Furthermore, the number of people who worshiped statues and supernatural beings does not appear to have been large. The book of Judges does not quantify its statements that the Israelites worshiped foreign gods, and the number of specific incidents reported in the book is small. That these incidents were regarded as having such disastrous consequences for Israel is probably not due to their prevalence but to the gravity of the sin and to the biblical doctrine of collective responsibility, which holds the entire nation responsible for the sins of even a small number of its members.
Most of the idolatry reported in Kings was sponsored by the kings themselves, often for political reasons connected with foreign policy; few of these reports indicate that large numbers of common people were involved. Archaeological evidence of polytheism is also scant: few, if any, representations of male deities have ever been found in clearly Israelite contexts, and most of the figurines of females found at Israelite sites represent humans, not goddesses. Israelite inscriptions with religious content rarely mention other gods, and of Israelite personal names that refer to a deity, only six percent refer to deities other than YHVH; the other ninety-four percent mention YHVH.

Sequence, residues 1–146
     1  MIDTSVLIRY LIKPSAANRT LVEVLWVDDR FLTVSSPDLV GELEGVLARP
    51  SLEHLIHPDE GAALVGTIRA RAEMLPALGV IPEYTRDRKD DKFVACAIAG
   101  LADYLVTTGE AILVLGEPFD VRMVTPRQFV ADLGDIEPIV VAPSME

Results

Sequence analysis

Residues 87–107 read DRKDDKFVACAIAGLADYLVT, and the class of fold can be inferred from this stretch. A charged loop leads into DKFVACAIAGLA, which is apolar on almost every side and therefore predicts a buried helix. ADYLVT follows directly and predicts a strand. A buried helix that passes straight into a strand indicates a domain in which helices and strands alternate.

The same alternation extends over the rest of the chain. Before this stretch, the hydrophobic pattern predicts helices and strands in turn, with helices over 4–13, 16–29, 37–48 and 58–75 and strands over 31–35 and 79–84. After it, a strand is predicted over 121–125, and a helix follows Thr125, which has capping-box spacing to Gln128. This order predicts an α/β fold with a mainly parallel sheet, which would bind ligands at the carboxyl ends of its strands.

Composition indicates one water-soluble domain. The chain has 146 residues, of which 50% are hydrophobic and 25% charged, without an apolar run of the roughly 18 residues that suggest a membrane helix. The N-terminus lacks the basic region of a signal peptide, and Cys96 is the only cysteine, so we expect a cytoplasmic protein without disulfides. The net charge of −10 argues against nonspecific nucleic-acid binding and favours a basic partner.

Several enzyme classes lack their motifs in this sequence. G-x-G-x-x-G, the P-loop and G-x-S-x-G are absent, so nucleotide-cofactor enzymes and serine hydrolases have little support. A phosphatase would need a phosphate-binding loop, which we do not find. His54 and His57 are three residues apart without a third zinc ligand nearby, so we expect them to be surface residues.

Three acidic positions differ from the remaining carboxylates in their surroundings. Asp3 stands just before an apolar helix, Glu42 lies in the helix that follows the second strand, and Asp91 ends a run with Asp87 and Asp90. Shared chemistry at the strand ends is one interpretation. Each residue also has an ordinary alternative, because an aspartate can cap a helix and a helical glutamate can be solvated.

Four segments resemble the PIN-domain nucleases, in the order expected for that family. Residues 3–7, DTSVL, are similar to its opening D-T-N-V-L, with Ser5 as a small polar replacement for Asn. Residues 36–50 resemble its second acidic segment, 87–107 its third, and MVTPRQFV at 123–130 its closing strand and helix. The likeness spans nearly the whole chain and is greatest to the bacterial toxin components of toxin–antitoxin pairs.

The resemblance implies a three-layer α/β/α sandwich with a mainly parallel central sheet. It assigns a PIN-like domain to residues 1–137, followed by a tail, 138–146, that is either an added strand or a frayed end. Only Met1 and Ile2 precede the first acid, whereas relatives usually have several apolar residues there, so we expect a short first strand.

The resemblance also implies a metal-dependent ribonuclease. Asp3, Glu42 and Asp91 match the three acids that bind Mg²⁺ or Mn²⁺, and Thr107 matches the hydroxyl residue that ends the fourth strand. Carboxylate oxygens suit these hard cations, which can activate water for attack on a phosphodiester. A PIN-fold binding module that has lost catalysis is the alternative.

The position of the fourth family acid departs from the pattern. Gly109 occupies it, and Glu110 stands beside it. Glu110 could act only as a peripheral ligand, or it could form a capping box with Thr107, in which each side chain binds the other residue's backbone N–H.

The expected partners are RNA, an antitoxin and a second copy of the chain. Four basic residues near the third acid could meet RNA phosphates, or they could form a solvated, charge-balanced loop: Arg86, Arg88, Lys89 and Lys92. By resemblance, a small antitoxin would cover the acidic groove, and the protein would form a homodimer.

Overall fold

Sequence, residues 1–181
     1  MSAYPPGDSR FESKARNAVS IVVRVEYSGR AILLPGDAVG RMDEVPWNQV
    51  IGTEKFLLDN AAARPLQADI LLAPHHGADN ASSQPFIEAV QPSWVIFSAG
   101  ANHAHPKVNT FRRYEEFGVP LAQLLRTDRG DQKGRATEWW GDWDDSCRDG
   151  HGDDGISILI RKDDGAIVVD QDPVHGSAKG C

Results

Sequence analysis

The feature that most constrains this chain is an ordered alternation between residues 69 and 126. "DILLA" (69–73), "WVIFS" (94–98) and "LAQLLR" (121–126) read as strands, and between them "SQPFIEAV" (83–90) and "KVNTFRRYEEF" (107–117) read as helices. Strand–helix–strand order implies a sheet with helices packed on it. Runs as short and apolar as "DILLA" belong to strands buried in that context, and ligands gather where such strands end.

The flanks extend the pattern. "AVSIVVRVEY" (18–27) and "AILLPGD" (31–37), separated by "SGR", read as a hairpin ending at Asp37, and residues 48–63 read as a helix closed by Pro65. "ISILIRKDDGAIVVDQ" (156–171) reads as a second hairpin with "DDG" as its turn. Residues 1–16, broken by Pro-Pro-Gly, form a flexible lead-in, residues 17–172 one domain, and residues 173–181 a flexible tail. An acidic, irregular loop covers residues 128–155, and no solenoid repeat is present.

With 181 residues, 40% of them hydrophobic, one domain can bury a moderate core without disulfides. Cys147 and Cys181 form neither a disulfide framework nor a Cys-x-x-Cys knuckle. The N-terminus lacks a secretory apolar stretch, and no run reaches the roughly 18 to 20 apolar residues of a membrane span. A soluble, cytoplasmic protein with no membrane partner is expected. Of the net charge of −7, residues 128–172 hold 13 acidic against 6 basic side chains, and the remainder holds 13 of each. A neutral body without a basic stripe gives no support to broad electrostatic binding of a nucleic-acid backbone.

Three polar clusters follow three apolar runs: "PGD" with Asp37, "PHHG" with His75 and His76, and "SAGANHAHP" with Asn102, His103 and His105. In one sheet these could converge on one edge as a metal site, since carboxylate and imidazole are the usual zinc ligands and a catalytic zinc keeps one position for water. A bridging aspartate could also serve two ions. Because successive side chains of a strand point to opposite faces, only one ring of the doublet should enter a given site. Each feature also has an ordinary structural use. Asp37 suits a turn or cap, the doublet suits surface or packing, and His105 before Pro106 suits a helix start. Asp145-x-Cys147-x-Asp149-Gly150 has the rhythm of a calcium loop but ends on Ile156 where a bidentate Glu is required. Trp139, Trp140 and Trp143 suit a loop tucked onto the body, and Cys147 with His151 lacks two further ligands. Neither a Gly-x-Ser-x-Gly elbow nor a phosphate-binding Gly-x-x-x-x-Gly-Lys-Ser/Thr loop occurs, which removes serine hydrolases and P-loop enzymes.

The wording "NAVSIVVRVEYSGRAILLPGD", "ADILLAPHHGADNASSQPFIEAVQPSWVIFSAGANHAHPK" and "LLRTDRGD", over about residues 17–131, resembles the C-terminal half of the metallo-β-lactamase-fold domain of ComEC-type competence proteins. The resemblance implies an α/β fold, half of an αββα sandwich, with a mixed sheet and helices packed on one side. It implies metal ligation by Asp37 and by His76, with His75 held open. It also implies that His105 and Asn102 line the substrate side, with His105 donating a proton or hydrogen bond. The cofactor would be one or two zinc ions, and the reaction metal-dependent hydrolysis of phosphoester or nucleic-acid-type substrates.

That most Israelites ignored not only the gods of foreign nations, but even the gods of natural phenomena on which all humans depend, can only mean that they did not consider these phenomena to be divine or independently effective. So far as our evidence goes, therefore, ever since the time of Moses most Israelites seem to have regarded only YHVH as an independently effective divine power, and that belief is most simply explained as due to the teachings of Moses himself.
The belief that only YHVH is an independently effective divine power is de facto monotheistic. It reduces all other supernatural beings to the level of angels, spirits, and the like. Since biblical Hebrew generally continued to use words for “gods” (elim and elohim) to refer to those supernatural beings, whose existence was not denied, we cannot speak of monotheism in the etymological sense of the word but only in the practical, de facto sense just described.
As Albright put it, “Mosaic monotheism, like that of the following centuries (at least down to the seventh century [B.C.E.]) was…practical and implicit rather than intellectual and explicit…The Israelites felt, thought, and acted like monotheists.”
The above article explores whether the early Israelites believed in the existence of only one God or pledged their allegiance to one particular God without denying the existence of others. The author presents both views, but seems to agree with the former. Though the author does not present the latter view in as much depth, it has scholarly approval as well.
Pronunced: TORE-uh, Origin: Hebrew, the Five Books of Moses.